SEPTEMBER 2006 – NO. 8
Before yesterday I hadn't thought about how much dirt is leftover after a grave is dug.
This uplifted ridge, shaped like an earthen wave rising from gently tilting valleys, is a perfect spot for a cemetery. It affords the truly long view: From here it is possible to contemplate the distance between this world and the next. Yet, as I wait for the men to arrive who will dig Elsie Patton's grave, I am not moved to consider the possibilities of the Hereafter, or even of the here and now. This May morning, I am reading the epochs of the Great Before, trying to decode the ancient signs written in ridge, rock, and sediments rhythmically laid down over the course of millions of years.
The impulse began yesterday when I spoke with a funeral director who told me gravediggers were going to bring the vault that Elsie Patton's family had ordered for her burial. The graveside service is scheduled for Saturday, and the gravediggers wanted to install the vault this afternoon. The funeral director said he was aware that things were changing at our cemetery; he wondered whether we would continue to deposit our "spoils" in the same place.
"Our spoils?" Terrible images sprang to mind.
The voice, low and smooth, became faintly patronizing. "That's right, you haven't been at this too long, have you? The spoils: the dirt that is leftover after the grave is dug. A vault displaces quite a bit of dirt and the gravediggers will want to deposit it in the right spot."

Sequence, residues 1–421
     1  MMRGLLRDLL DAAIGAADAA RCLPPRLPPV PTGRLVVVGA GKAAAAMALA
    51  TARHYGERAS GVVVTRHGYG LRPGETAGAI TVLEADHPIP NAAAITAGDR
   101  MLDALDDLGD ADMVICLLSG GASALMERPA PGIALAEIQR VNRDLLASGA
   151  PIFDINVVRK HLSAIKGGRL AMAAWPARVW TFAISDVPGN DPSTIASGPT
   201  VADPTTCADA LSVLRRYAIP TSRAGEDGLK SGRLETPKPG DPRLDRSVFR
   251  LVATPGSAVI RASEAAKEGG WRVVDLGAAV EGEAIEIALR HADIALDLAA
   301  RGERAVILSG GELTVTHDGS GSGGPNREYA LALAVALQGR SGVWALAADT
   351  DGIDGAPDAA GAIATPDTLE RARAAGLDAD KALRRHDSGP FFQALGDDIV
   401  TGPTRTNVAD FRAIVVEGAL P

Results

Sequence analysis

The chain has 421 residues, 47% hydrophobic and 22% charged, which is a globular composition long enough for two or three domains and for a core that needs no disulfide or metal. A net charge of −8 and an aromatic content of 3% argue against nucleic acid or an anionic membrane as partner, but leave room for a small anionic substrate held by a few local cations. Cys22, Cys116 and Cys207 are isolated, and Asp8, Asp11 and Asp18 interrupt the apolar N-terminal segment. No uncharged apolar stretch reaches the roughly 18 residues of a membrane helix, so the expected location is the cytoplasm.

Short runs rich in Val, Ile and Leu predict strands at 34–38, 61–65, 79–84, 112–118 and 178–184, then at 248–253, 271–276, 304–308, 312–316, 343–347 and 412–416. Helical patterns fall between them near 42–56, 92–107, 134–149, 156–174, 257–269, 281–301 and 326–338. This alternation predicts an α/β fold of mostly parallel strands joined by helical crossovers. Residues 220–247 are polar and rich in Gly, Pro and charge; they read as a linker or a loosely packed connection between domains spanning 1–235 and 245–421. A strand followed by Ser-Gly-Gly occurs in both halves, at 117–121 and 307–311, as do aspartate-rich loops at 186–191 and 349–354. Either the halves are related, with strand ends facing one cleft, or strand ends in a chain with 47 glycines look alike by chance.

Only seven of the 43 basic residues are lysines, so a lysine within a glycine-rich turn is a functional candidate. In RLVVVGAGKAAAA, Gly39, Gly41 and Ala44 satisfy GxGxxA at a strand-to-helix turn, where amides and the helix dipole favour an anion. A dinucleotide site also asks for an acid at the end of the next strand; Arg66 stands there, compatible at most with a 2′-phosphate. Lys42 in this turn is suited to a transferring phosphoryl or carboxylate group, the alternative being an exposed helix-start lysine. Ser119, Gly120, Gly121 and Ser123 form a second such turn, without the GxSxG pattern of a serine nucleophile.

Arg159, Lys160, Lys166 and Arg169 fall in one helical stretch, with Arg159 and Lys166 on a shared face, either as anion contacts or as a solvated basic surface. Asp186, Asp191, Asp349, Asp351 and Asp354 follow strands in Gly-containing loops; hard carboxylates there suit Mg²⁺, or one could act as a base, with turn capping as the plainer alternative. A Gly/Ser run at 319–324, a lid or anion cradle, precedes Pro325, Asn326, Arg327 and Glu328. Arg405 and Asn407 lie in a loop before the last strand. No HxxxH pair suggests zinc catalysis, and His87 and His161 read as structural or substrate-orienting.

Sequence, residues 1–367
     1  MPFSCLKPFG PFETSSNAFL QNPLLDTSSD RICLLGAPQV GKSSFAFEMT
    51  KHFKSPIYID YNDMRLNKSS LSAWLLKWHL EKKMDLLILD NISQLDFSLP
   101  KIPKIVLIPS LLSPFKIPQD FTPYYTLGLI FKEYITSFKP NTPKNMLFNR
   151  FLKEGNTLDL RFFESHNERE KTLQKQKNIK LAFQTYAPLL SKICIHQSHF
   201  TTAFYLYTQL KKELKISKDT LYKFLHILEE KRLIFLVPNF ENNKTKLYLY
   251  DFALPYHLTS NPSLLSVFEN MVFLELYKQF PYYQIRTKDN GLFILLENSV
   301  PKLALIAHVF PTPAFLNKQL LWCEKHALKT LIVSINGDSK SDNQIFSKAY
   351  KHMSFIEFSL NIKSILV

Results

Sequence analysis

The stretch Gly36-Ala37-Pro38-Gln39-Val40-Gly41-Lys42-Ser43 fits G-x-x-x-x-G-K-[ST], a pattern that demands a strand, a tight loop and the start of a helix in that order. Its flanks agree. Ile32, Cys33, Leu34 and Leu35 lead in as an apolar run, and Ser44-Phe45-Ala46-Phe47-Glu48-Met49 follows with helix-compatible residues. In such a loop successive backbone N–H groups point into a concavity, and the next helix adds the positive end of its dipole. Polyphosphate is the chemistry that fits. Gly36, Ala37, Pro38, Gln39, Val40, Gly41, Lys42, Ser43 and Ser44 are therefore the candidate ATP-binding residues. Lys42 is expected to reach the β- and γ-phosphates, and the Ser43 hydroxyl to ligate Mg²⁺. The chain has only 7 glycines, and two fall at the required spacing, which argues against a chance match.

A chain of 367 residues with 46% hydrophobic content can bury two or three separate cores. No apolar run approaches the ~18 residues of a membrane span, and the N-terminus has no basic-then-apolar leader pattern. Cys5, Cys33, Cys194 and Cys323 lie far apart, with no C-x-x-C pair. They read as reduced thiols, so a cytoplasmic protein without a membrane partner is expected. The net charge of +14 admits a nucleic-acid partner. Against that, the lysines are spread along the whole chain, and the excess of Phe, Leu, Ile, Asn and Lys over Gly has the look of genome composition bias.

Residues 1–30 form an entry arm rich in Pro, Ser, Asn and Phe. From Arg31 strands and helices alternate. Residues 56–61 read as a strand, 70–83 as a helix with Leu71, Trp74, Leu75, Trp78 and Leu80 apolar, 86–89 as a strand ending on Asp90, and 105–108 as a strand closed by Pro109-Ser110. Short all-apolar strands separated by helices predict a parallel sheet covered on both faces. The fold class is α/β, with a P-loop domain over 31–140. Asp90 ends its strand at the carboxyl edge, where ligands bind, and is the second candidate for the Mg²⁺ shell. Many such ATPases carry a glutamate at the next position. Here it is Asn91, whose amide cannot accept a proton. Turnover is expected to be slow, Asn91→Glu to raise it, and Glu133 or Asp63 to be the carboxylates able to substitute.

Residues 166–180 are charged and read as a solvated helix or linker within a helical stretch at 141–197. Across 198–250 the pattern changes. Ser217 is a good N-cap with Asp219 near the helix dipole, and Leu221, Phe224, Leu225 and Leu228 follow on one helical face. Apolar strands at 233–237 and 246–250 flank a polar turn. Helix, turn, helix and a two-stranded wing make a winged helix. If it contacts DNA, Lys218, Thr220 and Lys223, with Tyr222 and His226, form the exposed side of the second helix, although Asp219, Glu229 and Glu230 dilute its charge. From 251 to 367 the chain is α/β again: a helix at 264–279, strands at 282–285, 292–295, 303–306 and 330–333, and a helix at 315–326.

"We haven't changed that," I said briskly. "They can put it where they always have."
But the fact is, before yesterday I hadn't thought about how much dirt is leftover after a grave is dug. I've only had the experience of dealing with a few burials, and one of them was not a burial but what, according to the law, is an "inurnment." The family took care of actually burying the ashes in an urn.
Now that I know about "spoils," I understand that the pile of dirt, so surprisingly red, deposited in a low part of the cemetery near the southeast corner, is not merely fill dirt but instead the residue from numerous gravesites over the years.
As for the vault: my sense of what that might be is pretty vague. I came up here to see whether it lives up to my Gothic imagination, and to introduce myself to the gravediggers, who know their way around this cemetery better than I do.
This red dirt: it seems disrespectful, and even profane, to refer to it as "spoils." When wet, it sticks to the shoe, and although it is always red it is distinctly redder after a deep rain. The exposed part of the ridge where I am standing wears red dirt like an old topcoat, or more aptly, like a fireman's dusty windbreaker.
I am picking up a handful of red dirt, ruddy from a smidge of iron and millennia of oxygen. This dirt tells it all. Along with the tinge of minerals, I am holding sea sediments and the pulverized evidence of volcanism at work. And as I let go, feeling it spill through my fingers, this dirt testifies fathoms.
But if this truth concerning primordial waters seems a bit abstract, I can always go back to Fred Applegate's find of a decade ago. Just a few miles from here, he found a fossilized "seashell" atop his sheep hill. Yes, a seashell on top of a sheep hill. How fast can I say it?
When Fred died, the fossil was not among his effects, so we will never know whether the mollusk Anomia, Acila, Crassastella, or Solena was the decapod that made him shout, "Eureka!"
And now Fred is up here in the cemetery awaiting future geologic epochs, resting in red dirt.
From Living Among Headstones, by Shannon Applegate. Copyright © 2005 by the author and reprinted by permission of Thunder's Mouth Press, an imprint of Avalon Publishing Group.
Back to Top